To mention a few; Curriculum and (a national scheme of) Assessment, Examinations 4-18, Teacher training (multiple routes), school places, academisation following Ofsted judgement, free schools, school finance…
All the above are in the hands of the Government, whose response, every time there is criticism, is to deliver the “We’re doing very well, thank you” homily, even if the evidence might suggest an alternative interpretation. That so much has not yet bedded in does not prepare the ground for the mass academisation that is envisaged, over the next six years. Why do it anyway?
An analysis of the main problem would suggest that there is a proportion of schools which, despite help given and guidance from Ofsted and outside agencies, seem less than able to make progress to deliver a good or better outcome for children.
At the same time, there are schools in areas of deprivation that succeed at a high level. The project to link high achievers with low achievers through Multi-academy Trusts (MATs) is the preferred solution, but for every school in the country. To do so will not necessarily address the issue of the underperforming school, as the energies being directed to academisation on that scale will divert time, effort and finances to the bigger project. It is not clear to me that this will go any way to addressing more pressing issues. Just parachuting in some staff will not provide the basis for long term change and stability.
Teacher recruitment and retention, CPD, preparation for promotion and leadership roles need to be addressed, if schools are to have a full complement of teachers of sufficient knowledge, skill and energy to sustain and further develop the system, let alone work through change. Changing a system requires time and energy, to consider and plan for futures while maintaining a continuous high quality product. Change in education is a cerebral as well as a practical project. It might need some quality time out, not just for management level people, or the MAT management or Trustees, who can only achieve through the focused efforts of others.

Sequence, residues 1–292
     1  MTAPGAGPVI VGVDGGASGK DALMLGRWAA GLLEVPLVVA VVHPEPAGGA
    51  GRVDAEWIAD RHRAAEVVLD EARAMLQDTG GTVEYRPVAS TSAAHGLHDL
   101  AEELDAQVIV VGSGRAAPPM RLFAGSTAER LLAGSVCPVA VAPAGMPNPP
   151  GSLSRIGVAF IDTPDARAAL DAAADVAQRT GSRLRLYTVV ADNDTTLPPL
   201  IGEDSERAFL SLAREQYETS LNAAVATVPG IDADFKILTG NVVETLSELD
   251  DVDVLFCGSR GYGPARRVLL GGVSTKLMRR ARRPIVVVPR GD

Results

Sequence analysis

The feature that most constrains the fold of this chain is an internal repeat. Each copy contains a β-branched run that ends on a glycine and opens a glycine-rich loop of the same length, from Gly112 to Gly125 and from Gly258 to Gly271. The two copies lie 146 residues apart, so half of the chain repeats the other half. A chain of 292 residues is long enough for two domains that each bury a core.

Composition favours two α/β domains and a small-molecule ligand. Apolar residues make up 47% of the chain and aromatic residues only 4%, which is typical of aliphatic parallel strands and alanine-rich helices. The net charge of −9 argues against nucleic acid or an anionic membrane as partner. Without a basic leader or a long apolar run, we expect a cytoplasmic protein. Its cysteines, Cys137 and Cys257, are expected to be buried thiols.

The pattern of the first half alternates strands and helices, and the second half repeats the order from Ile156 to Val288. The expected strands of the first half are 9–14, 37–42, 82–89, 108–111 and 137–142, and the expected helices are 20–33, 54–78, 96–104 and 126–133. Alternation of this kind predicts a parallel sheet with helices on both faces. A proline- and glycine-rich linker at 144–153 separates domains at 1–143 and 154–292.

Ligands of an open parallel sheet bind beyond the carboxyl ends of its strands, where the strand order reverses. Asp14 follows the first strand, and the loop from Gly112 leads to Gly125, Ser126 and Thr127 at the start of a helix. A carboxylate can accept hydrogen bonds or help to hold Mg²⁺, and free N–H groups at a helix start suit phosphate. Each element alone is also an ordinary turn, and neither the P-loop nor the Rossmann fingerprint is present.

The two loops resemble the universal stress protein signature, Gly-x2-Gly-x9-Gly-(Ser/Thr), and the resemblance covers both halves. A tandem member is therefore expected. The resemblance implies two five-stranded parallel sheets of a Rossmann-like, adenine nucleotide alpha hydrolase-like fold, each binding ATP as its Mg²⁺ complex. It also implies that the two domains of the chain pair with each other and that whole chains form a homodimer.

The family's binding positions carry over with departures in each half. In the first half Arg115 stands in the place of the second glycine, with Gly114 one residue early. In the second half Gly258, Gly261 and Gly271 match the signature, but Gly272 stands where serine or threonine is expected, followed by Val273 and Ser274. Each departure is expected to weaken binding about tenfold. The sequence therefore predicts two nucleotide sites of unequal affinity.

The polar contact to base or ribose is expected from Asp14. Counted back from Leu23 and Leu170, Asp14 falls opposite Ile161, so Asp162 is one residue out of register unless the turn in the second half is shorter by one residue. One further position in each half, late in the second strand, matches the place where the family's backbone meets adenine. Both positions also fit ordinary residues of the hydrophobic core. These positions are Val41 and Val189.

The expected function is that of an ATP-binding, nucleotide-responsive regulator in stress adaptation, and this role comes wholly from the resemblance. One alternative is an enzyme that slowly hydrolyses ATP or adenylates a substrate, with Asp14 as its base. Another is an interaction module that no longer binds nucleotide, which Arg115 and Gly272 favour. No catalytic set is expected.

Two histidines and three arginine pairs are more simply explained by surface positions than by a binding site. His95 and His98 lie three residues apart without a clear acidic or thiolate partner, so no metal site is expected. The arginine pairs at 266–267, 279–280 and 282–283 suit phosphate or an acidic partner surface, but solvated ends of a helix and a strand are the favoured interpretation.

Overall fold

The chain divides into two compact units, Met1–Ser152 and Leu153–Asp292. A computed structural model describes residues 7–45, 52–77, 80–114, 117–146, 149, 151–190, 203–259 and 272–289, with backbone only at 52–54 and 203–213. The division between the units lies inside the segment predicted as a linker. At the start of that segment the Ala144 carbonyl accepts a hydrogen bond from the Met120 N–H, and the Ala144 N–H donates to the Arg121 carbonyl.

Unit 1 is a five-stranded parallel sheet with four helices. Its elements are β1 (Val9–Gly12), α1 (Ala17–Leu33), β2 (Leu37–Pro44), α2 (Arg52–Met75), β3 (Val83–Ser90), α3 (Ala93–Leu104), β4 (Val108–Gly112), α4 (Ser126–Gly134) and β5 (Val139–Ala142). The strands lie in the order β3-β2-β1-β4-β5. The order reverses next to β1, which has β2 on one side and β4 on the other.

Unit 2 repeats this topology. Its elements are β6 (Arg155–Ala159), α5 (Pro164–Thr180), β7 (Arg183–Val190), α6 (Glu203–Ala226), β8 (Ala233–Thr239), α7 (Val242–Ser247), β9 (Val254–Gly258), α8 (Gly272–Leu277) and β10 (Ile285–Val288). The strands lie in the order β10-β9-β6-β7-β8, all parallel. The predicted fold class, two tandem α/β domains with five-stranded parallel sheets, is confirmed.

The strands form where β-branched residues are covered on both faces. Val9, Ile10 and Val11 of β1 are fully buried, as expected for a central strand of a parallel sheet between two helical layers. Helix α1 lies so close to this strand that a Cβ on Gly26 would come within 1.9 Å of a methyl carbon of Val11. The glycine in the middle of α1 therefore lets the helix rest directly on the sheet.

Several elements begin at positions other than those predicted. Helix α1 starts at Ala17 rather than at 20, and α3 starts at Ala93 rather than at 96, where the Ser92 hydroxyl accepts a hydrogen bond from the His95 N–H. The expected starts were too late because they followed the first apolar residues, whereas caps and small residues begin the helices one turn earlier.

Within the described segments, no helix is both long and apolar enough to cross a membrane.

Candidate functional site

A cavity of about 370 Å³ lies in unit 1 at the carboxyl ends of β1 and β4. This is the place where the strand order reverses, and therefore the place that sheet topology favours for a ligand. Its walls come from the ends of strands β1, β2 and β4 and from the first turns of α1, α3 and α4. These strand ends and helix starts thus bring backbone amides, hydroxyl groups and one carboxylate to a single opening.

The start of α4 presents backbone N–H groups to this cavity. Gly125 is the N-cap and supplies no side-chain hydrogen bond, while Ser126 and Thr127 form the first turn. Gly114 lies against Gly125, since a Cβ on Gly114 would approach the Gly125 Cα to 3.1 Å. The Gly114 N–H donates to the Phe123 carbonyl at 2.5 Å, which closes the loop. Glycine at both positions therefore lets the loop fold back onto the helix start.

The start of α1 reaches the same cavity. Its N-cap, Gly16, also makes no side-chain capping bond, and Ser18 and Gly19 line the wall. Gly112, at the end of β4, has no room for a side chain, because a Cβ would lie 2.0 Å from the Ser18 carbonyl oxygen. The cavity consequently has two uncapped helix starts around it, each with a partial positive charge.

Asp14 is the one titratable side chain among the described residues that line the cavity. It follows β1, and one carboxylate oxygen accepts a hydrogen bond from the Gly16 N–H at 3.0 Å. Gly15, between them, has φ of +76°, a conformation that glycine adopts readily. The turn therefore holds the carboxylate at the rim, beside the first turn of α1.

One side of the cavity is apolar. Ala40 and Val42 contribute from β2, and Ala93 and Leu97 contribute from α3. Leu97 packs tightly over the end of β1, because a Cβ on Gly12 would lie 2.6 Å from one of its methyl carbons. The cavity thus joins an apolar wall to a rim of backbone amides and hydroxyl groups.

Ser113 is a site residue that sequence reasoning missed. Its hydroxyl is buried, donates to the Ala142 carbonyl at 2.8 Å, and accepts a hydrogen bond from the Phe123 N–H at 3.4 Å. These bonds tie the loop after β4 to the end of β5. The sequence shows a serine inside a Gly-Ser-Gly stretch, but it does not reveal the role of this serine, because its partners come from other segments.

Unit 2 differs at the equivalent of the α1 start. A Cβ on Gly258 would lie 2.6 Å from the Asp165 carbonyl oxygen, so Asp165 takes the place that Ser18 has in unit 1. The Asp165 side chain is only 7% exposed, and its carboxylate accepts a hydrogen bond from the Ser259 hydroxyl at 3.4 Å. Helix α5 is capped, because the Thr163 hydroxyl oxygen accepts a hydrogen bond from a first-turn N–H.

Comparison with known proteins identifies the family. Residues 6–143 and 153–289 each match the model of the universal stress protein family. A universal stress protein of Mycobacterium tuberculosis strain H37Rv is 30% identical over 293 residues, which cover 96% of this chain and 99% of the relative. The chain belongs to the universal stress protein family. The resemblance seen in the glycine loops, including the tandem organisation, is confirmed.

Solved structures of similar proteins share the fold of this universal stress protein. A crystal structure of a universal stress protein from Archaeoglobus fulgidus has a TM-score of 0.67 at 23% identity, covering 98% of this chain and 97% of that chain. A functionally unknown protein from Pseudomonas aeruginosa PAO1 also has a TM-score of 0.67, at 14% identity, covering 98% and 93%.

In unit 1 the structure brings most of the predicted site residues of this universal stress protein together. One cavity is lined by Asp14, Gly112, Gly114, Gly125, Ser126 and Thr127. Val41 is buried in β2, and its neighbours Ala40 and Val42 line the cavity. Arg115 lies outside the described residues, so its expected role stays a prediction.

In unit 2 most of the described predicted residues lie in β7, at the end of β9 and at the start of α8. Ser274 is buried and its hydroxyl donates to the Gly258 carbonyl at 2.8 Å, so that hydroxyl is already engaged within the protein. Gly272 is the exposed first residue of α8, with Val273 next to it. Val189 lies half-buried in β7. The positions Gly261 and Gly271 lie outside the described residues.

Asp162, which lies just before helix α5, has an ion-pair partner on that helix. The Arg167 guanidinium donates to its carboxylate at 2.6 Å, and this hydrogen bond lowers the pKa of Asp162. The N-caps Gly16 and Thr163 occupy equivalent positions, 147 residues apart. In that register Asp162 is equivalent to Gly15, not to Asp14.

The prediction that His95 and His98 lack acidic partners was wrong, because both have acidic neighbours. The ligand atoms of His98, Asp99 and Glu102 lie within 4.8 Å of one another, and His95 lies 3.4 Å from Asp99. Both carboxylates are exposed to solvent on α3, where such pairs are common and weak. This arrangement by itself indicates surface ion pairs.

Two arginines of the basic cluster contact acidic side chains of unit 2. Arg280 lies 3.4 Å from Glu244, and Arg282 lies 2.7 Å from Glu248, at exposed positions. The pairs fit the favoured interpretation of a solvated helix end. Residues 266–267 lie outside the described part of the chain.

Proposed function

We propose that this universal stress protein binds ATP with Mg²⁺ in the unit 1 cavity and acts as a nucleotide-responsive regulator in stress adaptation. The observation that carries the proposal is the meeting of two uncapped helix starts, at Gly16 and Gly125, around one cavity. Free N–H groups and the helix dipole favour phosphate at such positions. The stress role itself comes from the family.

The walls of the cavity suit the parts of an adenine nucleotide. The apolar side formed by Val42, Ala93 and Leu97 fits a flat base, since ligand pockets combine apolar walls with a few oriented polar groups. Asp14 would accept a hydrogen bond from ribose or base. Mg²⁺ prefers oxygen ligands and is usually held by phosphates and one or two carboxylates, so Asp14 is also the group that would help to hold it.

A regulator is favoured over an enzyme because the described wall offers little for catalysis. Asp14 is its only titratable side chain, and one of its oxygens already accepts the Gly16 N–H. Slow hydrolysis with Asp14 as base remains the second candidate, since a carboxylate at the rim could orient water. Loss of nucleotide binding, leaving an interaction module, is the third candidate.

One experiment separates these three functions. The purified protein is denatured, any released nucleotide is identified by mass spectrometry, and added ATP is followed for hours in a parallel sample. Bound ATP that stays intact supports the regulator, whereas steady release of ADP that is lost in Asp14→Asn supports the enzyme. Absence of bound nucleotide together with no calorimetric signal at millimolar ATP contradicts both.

ITE changes can appear to be less than well-coordinated. Bulk, high-quality (Ofsted checked) teacher training has long been the remit of university departments. This has been supplemented through other routes, such as School Direct, Teach First, Accreditation Only and Troops to Teachers. While these are growing in number, they have not yet matched the need of the whole system, which potentially embeds a potential weakness over time. A local example would be a School Direct provider, whose schools requested 18 trainees, but were only allowed to recruit 10 to the 16-17 cohort. Not a good balance of supply and demand.
University departments train students for multiple placements, necessarily working at a more general level. Where trainees are being trained by and for a specific school, it is possible that their ability to move to another, with potentially very different approaches might become more challenging.
Schools need teachers. Some areas fail to recruit simply because of house prices or rental costs. Having stayed in the same area for 40 years, I know that my first house, bought at 4 times a starting teacher salary and a small deposit, would now require 8 times a starter salary and a large deposit. That, combined with student loan debts, will have an impact.